Just for your info, wikipedia theorizes that the etymology of the above phrase is as follows:
It is unclear exactly how this expression came to be, but the consensus is that it is based on Native Americans having a distinctly different sense of property ownership as opposed to those of European ancestry. One theory holds that early European settlers in North America misinterpreted aid and goods they received from Native Americans as “gifts,” when in fact they were intended to be offered in trade, as many tribes operated economically by some form of barter system, or a gift economy where reciprocal giving was practiced. It is also theorized that this stereotype may have been coined or exaggerated by the conquering European groups to denigrate the native people as dishonest and thereby justify their conquest. A popular myth started by Europeans tells of early settlers trading firearms to a group of Native Americans for maize, who then promptly turned the guns on the Europeans and reclaimed their crop.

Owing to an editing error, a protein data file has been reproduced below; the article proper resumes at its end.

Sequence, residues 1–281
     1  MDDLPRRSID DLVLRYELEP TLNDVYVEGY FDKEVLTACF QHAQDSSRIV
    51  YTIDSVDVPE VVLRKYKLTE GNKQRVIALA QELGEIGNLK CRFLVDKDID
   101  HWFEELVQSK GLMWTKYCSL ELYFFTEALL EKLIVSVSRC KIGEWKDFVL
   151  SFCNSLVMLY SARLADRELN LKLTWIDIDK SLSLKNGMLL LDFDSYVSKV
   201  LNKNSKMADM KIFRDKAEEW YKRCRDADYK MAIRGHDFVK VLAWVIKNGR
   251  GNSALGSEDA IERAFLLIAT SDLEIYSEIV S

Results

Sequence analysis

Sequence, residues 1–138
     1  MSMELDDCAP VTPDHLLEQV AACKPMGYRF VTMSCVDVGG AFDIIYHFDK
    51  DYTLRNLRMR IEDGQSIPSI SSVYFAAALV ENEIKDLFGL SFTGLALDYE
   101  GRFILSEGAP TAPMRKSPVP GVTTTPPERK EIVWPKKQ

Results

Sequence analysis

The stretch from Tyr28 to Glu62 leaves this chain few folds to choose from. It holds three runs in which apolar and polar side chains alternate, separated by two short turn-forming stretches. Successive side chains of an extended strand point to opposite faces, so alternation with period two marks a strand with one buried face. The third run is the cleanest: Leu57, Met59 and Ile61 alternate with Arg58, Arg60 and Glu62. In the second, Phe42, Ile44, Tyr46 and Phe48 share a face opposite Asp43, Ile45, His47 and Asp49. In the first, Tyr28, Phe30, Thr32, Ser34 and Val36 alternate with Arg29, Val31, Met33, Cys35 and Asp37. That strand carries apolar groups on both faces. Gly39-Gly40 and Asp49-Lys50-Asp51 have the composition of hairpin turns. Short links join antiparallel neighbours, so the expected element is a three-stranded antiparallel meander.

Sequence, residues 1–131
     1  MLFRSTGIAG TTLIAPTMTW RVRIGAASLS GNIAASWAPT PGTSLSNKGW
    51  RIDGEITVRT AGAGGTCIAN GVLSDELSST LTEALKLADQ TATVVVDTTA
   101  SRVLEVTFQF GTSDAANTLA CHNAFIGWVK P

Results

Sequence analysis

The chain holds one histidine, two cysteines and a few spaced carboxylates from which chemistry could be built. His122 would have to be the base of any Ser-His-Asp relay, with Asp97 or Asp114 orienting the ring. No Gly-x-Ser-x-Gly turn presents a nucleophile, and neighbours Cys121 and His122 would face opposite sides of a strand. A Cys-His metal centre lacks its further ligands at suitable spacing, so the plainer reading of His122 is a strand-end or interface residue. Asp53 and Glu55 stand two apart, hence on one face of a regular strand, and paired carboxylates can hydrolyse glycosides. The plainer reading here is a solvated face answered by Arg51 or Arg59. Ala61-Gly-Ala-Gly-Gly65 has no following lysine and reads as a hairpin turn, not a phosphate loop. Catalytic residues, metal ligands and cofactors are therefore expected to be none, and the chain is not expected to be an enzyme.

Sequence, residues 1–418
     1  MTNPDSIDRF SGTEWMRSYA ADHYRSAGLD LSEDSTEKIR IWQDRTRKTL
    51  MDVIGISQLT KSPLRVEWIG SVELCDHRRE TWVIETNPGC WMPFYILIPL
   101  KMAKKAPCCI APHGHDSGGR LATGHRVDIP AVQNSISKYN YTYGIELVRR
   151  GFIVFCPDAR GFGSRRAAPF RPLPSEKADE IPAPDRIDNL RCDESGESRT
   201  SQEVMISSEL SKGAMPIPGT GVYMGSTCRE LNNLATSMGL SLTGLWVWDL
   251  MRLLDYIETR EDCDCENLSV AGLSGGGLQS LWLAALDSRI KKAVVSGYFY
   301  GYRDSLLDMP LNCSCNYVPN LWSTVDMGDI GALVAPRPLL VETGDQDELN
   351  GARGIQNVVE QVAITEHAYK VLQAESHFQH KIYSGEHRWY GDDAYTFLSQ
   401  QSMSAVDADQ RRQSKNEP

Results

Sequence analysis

Just something to think about the next time you use or hear that phrase.